smiling to himself at his purposeless errand at a time when moments
were fraught with life or death. He was not, like his captain, a man of
imagination: his mere passage through the cabin seemed only a bit of
fanciful foolishness of which he was a trifle ashamed.

His match flickered and went out; for a moment he stood staring before
him in the darkness, hearing the voices of those in the cabin as they
talked together. He heard Drew's deep tones, and Hetty replying to
them, and a sudden impotent rush of jealousy overwhelmed him as he
thought that he must battle on deck in what might be their last fight,
while this man, who had known her barely as many days as he had loved
her years, would be with her in these last hours. Blindly, without
looking to right or left, he walked through the cabin and ascended to
the deck.

Though he had been below only a moment, an amazing change had taken
place. As he seized the hasp of the door to open it, the pressure from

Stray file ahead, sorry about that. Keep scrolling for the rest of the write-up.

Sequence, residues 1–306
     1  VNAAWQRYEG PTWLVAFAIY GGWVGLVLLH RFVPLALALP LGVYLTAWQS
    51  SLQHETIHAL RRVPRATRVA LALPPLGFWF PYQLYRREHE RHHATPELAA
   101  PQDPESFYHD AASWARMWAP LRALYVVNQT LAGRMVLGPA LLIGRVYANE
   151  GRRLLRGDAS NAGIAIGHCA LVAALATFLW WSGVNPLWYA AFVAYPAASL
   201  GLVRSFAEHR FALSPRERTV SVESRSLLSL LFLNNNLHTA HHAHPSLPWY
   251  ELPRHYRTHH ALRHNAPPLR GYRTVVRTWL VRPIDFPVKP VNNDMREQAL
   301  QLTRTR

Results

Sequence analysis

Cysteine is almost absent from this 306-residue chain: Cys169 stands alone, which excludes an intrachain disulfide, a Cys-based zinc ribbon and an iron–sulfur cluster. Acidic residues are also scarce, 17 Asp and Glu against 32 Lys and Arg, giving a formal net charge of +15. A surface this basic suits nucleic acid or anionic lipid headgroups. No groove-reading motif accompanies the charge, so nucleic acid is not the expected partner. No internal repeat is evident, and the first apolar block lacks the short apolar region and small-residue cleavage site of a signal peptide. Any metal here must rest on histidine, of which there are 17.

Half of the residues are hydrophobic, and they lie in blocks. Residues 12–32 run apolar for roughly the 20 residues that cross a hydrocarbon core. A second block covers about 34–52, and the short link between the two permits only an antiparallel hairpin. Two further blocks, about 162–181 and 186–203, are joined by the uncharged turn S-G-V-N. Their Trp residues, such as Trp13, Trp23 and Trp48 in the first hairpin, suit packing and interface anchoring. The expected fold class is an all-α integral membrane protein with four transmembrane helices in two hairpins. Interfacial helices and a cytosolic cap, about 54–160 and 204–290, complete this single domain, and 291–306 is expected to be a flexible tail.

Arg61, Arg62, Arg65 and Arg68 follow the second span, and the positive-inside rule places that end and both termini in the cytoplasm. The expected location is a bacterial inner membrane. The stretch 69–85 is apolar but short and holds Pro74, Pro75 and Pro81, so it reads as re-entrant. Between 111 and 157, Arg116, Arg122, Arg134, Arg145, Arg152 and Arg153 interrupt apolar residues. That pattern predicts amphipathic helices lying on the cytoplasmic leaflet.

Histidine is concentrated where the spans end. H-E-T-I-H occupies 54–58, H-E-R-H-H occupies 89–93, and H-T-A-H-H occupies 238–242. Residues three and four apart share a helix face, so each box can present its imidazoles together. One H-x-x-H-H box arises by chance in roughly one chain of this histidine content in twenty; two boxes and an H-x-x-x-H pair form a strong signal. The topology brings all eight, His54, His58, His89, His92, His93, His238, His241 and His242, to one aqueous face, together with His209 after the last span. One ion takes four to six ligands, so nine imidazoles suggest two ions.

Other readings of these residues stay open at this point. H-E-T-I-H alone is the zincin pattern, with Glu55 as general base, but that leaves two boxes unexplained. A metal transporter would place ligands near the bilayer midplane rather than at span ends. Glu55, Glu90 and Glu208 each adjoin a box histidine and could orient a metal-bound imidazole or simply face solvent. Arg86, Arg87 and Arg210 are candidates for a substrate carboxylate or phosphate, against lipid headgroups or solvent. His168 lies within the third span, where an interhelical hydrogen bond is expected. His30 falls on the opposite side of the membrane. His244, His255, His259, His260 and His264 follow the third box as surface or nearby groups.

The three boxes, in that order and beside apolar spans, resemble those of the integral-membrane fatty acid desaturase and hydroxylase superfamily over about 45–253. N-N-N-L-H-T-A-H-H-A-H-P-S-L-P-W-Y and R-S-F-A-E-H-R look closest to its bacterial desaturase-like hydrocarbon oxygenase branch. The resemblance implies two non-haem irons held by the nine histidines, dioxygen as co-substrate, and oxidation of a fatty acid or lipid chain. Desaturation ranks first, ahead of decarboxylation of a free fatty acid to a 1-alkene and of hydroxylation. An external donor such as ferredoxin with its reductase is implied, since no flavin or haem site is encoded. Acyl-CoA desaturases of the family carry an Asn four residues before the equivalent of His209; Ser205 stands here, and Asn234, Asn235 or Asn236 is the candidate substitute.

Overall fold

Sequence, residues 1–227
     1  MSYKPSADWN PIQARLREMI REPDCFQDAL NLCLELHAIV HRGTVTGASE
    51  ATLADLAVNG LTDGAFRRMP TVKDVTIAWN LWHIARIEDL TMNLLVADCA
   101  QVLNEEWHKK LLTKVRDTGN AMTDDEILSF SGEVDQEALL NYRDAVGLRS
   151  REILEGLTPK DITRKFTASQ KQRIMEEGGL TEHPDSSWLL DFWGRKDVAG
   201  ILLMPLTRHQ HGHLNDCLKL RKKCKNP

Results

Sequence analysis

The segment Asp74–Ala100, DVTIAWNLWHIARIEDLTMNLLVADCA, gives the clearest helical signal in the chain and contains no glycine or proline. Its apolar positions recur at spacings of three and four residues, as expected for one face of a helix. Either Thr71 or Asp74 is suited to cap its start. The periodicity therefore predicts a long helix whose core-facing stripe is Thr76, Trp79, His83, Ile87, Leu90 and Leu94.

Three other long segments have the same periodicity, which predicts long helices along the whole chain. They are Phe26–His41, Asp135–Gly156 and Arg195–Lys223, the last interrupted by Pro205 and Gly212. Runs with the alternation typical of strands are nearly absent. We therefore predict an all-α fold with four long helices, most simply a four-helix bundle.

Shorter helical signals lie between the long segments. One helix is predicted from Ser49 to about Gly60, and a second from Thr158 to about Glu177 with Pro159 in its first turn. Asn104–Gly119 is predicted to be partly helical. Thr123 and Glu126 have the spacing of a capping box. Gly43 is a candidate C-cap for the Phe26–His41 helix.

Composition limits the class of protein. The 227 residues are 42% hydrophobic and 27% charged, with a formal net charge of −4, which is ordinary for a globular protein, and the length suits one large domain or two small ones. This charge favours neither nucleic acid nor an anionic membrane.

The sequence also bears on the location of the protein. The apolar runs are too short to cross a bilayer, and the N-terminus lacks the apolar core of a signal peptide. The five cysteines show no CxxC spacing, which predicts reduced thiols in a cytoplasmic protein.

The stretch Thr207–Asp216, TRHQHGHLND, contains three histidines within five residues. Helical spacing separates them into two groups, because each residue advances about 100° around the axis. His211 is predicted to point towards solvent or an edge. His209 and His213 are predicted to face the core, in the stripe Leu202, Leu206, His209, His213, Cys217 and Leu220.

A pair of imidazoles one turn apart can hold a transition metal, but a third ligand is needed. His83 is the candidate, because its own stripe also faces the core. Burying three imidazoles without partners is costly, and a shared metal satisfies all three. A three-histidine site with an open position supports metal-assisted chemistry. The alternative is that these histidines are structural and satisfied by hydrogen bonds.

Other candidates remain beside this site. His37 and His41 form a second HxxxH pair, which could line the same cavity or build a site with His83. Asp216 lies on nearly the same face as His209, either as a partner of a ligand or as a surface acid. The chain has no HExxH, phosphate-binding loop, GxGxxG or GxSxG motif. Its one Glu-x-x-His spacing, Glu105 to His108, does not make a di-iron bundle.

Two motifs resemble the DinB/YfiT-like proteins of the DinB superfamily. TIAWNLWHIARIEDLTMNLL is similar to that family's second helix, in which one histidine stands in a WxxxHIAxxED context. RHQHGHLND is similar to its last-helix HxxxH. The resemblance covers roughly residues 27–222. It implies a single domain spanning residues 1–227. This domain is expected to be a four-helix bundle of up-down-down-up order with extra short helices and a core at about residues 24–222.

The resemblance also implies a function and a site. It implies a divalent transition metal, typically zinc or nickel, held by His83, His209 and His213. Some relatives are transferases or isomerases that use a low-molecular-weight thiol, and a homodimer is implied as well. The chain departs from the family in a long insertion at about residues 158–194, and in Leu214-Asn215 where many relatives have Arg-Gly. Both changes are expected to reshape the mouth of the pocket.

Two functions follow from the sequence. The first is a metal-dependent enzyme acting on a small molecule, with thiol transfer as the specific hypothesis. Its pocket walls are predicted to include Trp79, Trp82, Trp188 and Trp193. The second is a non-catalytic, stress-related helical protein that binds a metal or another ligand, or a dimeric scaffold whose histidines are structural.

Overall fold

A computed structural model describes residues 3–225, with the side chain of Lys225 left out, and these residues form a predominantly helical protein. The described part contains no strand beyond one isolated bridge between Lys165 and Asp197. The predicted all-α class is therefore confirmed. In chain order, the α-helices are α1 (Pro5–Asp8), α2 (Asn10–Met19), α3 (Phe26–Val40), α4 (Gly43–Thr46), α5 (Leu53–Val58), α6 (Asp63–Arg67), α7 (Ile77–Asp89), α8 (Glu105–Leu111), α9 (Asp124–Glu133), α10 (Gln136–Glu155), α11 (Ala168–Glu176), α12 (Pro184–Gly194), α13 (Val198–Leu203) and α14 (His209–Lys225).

the outside was so great that for a moment he thought that some one
was leaning against it. He knocked on it loudly, then pushed again,
becoming immediately aware that the resisting force was wind. Then
throwing all his weight forward, he squeezed through, with the door
slamming to behind him.

It was only the beginning. The seas seemed to grow momentarily heavier,
and it became impossible to stand erect upon the deck. When Medbury
went forward to the pumps, as he did from time to time, he went with
bent body, keeping his hand upon the rail. His face was stiffened with
salt, which clung to his eyelashes and had to be wiped away constantly.
It became in time no longer possible to distinguish sounds: the bellow
of the wind, the roar of the sea, the thunder of the canvas, and the
groaning of spars and timber, became merged in an indescribable tumult,
the waves of which, like a great sea of sound, seemed to rise about
them and beat them down into insignificance. In this strange melting
away of all the known landmarks of his craft, Medbury stood at times
helpless and irresolute, and doggedly awaited the end.

To those shut up in the cabin there came, as the night wore on, a
sense of impending danger. Once, unable longer to bear the feeling of
isolation from those who were fighting on deck for their lives, Hetty
made her way with difficulty to the companionway, and, mounting to the
doors, tried them. Then she turned.

"They have locked us in!" she cried, staring down at her companions.
The lamp, swinging in its gimbals, cast only a faint light upon their